Future of Education | MOOC | Reflection | Week 1

I am not an educator by training so a key benefit for me will be to learn the theoretical underpinnings about how humans learn best. There is value to such applied research methods that should feed my interest as an entrepreneur in the education industry. I particularly enjoyed some of the references made by Dr. Elanore Hargreaves in the first interview where she was able to provide the context of different learning styles and the idea of progressive vs. conventional learning. While I had heard of the “Maslow” learning paradigm, its comparison to other learning models through the article on infed.org was also helpful.

I am also interested in the blended mode of education. While online education is now an established mode of learning, its efficacy is still questionable especially in the MOOC format. The blended education model seems to be one way to increase the student engagement since it incorporates the benefit of customized learning through the online mode while also addressing a key component of human learning, that of interacting with others as a learning process.

The blended learning model also provides a class structure and peer pressure that leads towards a higher accountability of homework submissions and examination performance.

My Learning Style

For me to learn something, I clearly need to start with the reason first, the bigger picture of what we are going to do rather than starting with the nitty gritty. This “top down” approach helps me visualize the problem as the overarching purpose that has multiple fundamental components that need to be learnt individually to begin with. These fundamental ideas can then evolve into more complex structures by developed them further or through dependency between them.  An example related to this is the “Electromagnetism” class that I took in engineering where the professor stated the goal first of designing an antenna for a mobile phone, delved deeper into theoretical fundamentals and then it all together to derive the antenna’s specification. Since I am trained as an engineer and am quite analytical by nature, having a structured approach to learning, the kind I described above, is a good way for me to learn.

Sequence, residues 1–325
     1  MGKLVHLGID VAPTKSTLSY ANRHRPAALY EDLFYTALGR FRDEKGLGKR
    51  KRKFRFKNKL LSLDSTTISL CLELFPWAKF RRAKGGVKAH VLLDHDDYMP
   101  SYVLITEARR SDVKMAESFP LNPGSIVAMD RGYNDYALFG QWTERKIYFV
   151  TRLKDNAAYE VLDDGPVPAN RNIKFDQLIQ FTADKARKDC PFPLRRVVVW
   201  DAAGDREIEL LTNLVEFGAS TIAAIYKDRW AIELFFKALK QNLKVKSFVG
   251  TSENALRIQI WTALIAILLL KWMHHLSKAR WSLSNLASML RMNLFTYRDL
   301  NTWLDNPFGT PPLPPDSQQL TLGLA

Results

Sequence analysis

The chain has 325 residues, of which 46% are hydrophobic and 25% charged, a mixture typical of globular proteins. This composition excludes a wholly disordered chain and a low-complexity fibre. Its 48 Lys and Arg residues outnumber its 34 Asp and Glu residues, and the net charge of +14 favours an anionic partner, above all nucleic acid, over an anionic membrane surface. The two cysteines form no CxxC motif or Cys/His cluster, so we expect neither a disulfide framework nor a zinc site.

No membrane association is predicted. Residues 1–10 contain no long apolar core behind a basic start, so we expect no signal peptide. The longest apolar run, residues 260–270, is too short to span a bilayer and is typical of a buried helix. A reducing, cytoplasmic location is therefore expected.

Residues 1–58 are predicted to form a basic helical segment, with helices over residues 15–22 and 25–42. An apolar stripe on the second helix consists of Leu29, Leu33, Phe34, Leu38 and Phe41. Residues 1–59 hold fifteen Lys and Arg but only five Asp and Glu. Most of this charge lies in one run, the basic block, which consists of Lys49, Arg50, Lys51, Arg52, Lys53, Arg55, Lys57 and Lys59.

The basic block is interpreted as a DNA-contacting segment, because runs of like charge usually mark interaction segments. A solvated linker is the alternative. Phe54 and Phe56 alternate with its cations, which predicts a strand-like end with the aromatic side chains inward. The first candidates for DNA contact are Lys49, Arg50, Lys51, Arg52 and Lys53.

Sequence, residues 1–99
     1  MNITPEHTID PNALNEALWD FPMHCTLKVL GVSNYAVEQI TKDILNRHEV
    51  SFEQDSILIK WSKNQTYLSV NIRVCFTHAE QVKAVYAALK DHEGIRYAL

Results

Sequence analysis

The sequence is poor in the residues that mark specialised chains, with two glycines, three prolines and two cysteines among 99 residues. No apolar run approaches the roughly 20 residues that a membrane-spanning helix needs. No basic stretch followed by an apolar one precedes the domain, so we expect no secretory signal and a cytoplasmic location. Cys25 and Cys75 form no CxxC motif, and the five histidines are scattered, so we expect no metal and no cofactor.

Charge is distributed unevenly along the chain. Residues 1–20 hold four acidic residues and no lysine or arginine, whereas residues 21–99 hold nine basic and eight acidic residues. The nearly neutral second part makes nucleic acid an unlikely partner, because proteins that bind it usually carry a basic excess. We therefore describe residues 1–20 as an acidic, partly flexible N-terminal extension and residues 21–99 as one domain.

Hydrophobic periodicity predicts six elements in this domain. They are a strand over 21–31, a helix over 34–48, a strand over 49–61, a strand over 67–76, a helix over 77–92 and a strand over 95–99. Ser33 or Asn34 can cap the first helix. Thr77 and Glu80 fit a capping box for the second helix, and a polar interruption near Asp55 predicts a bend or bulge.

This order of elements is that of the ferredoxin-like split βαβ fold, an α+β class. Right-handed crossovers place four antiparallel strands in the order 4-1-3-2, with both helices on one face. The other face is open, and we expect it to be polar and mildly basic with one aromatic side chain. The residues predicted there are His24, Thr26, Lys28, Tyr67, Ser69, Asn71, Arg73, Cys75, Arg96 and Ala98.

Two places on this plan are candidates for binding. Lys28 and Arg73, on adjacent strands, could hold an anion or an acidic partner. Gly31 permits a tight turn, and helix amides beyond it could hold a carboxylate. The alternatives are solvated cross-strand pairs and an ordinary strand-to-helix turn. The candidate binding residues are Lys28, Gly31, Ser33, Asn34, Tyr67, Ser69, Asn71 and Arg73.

Another component of my learning style is using analogies to understand a new concept. Relating a new idea in the context of what I already know, and already have a deeper understanding of, helps build a mind map for the new idea. This tactic again tends towards the structured approach of learning.

Learning is also a very self-immersive process for me in the sense that I don’t like anybody to interrupt me at all when I am deep in thought. I learn much better when there is very little ambient noise.

I am particularly bad at learning instances that require a lot of memorization. One such instance is the lack of my interest in biology or medicine since it requires, at least for a significant initial duration, memorization of terms. Another such instance was the “Telecommunications Protocol” class in the engineering curriculum. Even though this was a technical course, a large part of its theory required the student to memorize the technical specifications of various communication protocols.